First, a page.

In 1985, it was discovered that all, except one. Of the original wood engravings for Alice and Through the Looking-Glass were held in two deed boxes, belonging to Macmillan Publishers, in the vaults of the National Westminster Bank. After consultation with scholars and conservators, Macmillan Publishers decided to publish a limited edition of prints taken directly from the blocks, so that scholars and collectors could see these famous illustrations printed with the detail and quality which John Tenniel, Lewis Carroll and George and Edward Dalziel intended. John Tenniel never allowed any of his Alice illustrations to be printed from the original wood blocks preferring that electrotype casts be made from the blocks to ensure that they were not damaged. The history of Tenniel and Carroll’s dissatisfaction with the quality of the images printed for the Alice books is legendary.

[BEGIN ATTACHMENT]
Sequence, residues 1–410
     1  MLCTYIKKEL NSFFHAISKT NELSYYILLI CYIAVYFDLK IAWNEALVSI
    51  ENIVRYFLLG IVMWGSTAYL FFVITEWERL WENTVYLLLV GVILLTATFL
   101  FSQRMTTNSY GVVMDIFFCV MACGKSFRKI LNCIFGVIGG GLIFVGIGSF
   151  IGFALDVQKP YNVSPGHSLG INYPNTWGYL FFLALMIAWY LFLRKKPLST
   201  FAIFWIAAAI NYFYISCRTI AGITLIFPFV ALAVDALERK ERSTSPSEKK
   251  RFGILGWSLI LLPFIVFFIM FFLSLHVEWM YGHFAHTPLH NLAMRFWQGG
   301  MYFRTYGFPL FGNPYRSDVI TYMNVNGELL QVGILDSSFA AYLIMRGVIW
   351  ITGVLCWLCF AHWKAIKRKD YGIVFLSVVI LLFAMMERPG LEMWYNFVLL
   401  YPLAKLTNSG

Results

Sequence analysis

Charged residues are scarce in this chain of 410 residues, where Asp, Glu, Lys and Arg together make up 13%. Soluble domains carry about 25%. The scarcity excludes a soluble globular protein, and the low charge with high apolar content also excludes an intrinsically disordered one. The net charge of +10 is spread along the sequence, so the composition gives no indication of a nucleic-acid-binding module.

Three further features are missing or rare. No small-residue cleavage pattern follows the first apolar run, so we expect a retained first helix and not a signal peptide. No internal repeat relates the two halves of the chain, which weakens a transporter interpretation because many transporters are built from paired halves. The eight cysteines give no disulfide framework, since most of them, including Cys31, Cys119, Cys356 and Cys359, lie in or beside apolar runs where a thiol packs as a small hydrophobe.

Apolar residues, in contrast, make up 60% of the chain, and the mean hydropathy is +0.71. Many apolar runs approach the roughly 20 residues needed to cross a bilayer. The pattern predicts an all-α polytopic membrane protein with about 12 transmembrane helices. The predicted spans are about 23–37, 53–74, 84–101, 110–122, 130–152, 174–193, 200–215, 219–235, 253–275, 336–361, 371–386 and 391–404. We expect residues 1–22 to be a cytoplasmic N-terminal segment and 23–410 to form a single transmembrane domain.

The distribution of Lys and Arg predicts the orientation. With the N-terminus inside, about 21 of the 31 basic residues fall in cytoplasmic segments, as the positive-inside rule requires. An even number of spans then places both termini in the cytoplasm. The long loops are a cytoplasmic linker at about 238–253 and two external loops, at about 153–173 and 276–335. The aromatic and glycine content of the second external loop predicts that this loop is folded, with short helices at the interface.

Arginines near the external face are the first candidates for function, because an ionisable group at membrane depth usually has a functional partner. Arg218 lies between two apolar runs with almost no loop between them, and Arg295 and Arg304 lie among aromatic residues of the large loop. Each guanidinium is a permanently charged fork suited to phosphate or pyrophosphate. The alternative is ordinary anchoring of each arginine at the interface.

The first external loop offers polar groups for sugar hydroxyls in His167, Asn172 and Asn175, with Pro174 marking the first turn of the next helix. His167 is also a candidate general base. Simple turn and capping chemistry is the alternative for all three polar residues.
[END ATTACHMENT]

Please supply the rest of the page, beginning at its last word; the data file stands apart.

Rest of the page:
Jonathan Stephenson of the Rocket Press designed the edition and printed the engravings using a hand-fed precision proofing press. Over two years of detailed, special preparation took place before printing; even the shade of paper for the prints was chosen to match that used in the original edition.
There are a total of 92 prints in 2 sets. Set 1 consists of 42 prints for Alice in Wonderland and set 2 consists of 50 prints for Through the Looking Glass. Of these 92 prints, 91 are from the original wood blocks engraved by the Brothers Dalziel from drawings by Sir John Tenniel and 1 print from an electrotype of a block that was not able to be used because of extensive damage.